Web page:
The stock market has continued to have success. The big surprise of the year continues to be international stocks. The Matson Money International Stock fund is up 21.89% this year, compared to the Matson Money US Stock Fund which is up just 8.27%. The following is from the Matson Money quarterly update.
“The 3rd quarter of 2017 saw a continued increase in broad equity markets, both at home and internationally. U.S. stocks grew by 4.48% as represented by the S&P 500 index, and for a third consecutive quarter, international stocks fared even better, with the MSCI EAFE index returning 5.47% for the quarter. After lagging in recent quarters, small stocks surged ahead this quarter, with the MSCI EAFE Small Cap Index returning 7.52%, while the Russell 2000 Index delivered a 5.67% return.
The news cycle over the last quarter was dominated by natural disasters and escalating geopolitical tensions; specifically in rhetoric exchanged between President Trump and North Korean leader Kim Jong Un. The hurricanes that ravaged the Caribbean and displaced millions in Houston were great tragedies that impacted countless people and caused billions of dollars of damage. In times where events such as these elicit powerful negative emotions and we see the massive damage and hurt that many people are going through, it can be difficult to not let that emotion bleed over into our perception of the overall economy or financial markets. It can seem intuitive to believe that the unexpected loss of billions of dollars of infrastructure and the collateral damage of lost businesses and millions of employees who are temporarily out of work would have a tangible impact on our overall economy and therefore negatively impact financial markets, reversing the general upward trend.
However, as with many other seemingly logical intuitions regarding the what’s and whys of stock market performance, this too is not reflected in reality. In both the current market and what we have experienced historically, the stock market has an uncanny ability to shake off bad news and move uncorrelated to whatever else may be happening in the news, in contrast to what people may expect.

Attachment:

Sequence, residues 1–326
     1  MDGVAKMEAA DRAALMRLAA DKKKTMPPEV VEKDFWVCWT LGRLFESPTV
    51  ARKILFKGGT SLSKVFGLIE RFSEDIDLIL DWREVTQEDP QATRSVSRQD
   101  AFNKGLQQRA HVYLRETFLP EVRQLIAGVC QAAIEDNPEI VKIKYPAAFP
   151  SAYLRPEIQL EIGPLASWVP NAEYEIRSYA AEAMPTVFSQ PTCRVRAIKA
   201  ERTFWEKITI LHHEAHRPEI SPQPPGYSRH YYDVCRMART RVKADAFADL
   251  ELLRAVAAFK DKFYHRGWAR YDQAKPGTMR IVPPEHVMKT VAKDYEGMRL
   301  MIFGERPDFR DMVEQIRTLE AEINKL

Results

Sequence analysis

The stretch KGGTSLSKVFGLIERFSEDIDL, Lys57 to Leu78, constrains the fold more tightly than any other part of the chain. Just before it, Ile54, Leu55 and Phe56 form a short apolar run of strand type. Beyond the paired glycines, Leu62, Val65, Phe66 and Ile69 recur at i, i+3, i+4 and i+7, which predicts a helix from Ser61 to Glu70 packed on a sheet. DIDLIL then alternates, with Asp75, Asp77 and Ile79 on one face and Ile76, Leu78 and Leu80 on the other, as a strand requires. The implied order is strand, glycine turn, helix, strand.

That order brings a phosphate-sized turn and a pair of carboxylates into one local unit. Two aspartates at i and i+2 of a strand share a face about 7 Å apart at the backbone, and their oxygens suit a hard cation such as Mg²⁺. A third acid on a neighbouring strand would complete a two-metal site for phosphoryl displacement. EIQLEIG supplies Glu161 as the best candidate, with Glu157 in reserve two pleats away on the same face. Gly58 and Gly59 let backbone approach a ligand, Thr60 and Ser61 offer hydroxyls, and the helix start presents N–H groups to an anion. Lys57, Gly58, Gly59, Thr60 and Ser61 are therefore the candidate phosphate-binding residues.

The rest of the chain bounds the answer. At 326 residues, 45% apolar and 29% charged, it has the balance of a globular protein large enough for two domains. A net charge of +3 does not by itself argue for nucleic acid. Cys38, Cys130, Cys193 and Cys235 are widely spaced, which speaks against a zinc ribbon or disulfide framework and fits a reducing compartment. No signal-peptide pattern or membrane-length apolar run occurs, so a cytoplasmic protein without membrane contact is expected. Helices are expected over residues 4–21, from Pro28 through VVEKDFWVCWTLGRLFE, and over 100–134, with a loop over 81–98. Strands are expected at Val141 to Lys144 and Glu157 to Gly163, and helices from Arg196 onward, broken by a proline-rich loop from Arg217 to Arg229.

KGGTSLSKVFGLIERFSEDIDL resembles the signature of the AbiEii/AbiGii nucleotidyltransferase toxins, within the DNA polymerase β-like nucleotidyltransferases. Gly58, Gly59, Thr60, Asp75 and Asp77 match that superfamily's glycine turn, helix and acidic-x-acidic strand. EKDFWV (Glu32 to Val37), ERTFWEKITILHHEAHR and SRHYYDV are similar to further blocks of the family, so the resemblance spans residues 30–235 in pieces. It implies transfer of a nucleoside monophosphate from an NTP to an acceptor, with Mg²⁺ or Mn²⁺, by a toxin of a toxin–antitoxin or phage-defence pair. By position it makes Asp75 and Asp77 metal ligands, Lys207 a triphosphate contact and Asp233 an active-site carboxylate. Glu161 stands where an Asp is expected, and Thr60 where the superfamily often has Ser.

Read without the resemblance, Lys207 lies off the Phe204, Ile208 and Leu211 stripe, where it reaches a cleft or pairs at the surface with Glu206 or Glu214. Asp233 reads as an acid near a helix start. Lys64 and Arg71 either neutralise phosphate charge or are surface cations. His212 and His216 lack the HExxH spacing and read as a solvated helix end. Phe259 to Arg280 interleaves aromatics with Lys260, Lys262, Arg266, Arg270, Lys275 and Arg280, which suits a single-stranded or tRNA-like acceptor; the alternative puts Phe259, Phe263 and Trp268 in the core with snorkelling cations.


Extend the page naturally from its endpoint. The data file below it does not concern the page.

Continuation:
When we look at negative catastrophic events that have occurred throughout history, whether it be war or natural disaster, equity markets have on average generated positive returns despite these calamities. When looking at the subsequent 1-year return from the month in which the following event occurred: Pearl Harbor, D-Day, the start of the Vietnam War, the eruption of Mount St. Helens, the S.F. Earthquake of 1989, 9/11, Hurricane Katrina, and Super Storm Sandy, we see an average return of 9.70% as measured by the S&P 500 Index. This included 6 positive years and 2 that were negative, or 75% positive years. Over the entire time-period for which we have data from 1926-2016, the average annualized return of the S&P was 10.04%, and 67 of the 91 years were positive, or 74% positive years. This data would indicate that even some of the worst or most trying events in U.S. history did not result in the stock market behaving, on average, any differently than it did in any other year. Trying to predict the movement of the market based on geopolitical events or natural disasters proves to be the same folly as any other form of forecasting.
In the end, choosing a wise financial strategy, and sticking to it, can have tremendous impact on an investor’s long term financial health. Chasing performance through buying and selling is a risky game. Historically speaking, it will only reduce an investor’s real return. Relying on unbiased, non-emotional advice from a trusted investor coach to make good decisions can help an investor bridge that gap between what the average investor makes and the return of the market.”
- Matson Money. “Account Statement.” Letter to James Hancock. 18 Oct. 2017. MS.